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The Forget-Me-Not and Anti-Freemasonry in Nazi Germany

By Worshipful Brother Alex Lehning of Washington Lodge No. 3 in Williston, Vermont

Most Freemasons, and Freemasonry as a whole, are particularly mindful of our heritage. Both the most experienced Master Mason and the newest Entered Apprentice can appreciate the lessons and knowledge available to us through careful study. 

Our reverence for the wisdom of the liberal arts and sciences provides us with a unique perspective on the architectural foundations and columns of the built world, as well as a healthy respect for mathematical numbers and letters. In addition, we see, as others do not, the internal beauty of the natural world, from the grandeur of the sun, stars, and moon, to the sacred and solemn symbolism of the most modest acacia tree. To be a Mason is to be in possession of a special gift, to always be in search of meaning, present or hidden, in the world around us.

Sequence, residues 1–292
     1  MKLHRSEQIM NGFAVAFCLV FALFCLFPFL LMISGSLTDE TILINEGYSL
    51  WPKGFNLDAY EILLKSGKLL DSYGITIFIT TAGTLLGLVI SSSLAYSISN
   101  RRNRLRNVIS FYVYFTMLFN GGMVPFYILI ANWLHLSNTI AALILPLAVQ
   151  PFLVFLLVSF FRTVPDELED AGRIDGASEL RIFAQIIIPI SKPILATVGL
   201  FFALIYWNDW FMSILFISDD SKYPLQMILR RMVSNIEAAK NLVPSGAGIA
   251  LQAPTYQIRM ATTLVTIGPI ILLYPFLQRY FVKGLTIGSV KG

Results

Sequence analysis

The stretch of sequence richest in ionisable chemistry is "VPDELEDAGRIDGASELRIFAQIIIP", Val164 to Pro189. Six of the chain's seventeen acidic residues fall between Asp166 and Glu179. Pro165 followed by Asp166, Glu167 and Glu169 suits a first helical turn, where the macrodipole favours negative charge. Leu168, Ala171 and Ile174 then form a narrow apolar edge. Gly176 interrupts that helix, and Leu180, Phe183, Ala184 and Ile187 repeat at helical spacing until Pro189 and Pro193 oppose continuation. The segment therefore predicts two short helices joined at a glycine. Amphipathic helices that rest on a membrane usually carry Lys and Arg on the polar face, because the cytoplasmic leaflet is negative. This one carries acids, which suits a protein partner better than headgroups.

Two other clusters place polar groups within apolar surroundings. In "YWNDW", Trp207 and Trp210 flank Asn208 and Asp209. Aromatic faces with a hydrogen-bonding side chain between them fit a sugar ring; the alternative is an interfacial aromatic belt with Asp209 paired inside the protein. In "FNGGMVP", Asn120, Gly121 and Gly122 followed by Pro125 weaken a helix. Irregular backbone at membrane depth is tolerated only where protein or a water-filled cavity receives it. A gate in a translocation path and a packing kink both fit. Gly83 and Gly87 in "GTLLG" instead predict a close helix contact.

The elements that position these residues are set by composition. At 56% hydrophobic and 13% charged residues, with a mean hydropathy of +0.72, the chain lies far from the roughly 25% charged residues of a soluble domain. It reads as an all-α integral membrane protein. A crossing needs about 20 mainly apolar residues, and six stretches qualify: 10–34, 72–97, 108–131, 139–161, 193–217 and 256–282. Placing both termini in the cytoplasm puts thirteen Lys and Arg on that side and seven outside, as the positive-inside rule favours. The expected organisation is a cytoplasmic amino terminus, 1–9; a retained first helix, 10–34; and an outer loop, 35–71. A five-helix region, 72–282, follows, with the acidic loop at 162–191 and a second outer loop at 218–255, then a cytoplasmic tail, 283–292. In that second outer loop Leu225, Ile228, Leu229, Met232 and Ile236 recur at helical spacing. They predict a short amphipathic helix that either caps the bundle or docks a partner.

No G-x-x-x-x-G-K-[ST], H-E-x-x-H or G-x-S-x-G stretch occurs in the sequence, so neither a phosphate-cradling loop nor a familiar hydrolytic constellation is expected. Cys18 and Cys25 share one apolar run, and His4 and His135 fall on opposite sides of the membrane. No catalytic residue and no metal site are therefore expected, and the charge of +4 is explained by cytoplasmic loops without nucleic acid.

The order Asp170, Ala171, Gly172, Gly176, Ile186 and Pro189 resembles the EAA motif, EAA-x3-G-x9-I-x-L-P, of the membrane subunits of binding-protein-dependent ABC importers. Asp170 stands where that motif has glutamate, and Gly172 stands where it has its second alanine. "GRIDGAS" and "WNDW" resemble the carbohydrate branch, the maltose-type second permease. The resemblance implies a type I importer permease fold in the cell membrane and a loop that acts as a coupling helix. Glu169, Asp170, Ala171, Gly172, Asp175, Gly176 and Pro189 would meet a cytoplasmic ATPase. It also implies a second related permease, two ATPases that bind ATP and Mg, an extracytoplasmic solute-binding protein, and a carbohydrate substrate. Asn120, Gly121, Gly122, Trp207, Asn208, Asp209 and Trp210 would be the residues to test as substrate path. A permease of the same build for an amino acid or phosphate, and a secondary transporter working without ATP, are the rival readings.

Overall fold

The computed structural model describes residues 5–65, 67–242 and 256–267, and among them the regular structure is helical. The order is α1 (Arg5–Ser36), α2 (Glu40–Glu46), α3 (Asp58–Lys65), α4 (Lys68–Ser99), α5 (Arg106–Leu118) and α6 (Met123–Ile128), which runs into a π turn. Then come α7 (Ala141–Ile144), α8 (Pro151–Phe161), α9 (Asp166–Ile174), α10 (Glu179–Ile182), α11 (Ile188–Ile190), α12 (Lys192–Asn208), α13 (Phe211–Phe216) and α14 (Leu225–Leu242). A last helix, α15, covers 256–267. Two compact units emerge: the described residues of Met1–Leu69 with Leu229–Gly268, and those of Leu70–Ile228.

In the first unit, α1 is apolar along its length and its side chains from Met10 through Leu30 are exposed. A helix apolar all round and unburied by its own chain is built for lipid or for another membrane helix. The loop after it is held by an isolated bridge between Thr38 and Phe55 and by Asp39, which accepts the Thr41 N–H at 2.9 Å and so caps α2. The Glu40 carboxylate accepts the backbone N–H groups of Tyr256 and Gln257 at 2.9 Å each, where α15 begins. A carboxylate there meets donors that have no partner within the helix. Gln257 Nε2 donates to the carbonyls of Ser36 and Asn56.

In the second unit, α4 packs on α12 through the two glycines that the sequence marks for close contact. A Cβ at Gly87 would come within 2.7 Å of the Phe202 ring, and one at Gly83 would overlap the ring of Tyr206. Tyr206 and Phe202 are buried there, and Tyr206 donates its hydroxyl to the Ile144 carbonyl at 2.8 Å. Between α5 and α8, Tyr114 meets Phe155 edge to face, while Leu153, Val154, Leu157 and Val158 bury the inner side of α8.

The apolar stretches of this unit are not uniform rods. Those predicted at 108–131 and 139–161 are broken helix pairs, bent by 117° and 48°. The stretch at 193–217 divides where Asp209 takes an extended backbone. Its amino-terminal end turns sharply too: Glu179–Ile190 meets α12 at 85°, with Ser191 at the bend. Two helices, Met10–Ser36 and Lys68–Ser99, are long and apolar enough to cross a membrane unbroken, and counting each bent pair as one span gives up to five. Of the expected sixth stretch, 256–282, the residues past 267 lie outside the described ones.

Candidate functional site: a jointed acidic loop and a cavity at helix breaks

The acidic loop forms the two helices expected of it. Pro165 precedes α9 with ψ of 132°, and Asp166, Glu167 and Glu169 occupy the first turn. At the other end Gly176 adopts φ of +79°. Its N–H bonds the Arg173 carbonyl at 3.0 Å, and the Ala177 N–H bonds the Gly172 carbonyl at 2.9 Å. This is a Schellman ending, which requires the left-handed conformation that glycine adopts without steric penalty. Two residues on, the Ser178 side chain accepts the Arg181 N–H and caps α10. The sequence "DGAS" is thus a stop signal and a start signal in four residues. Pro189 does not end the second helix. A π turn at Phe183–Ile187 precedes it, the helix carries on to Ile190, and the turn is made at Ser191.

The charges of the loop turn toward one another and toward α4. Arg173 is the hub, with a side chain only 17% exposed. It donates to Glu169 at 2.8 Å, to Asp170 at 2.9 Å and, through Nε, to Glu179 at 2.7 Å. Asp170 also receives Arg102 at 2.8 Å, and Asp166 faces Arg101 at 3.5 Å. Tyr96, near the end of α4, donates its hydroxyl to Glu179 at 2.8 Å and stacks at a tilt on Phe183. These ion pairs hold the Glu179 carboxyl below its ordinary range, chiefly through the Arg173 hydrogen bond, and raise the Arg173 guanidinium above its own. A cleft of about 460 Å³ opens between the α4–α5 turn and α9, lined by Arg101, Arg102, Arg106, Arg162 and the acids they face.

The “forget-me-not,” is the informal name of the Myosotis flower, generally known for being small, with 5 blue petals. Historically, it holds a place in the poetry of Wadsworth and Thoreau, medieval German legends, Christian hagiography(biography of a saint or an ecclesiastical leader), and English political history. 

For Freemasons, the forget-me-not is a symbol that reminds us of resilience and resistance, and of love for the Fraternity and its principles, even under distress and persecution.

From its inception in 1933, Nazi Germany placed a strong emphasis on propaganda and achieving a positive public perception of its ideological goals. This included legal, political, and civic restrictions against opponents of the regime, and those who were victims of its rigid racial and social ideology. Along with Jews, homosexuals, those living with physical and mental handicaps, Catholics, and Jehovah’s Witnesses – Freemasons were targeted for criminal prosecution and exclusion from society. This was achieved in a number of ways.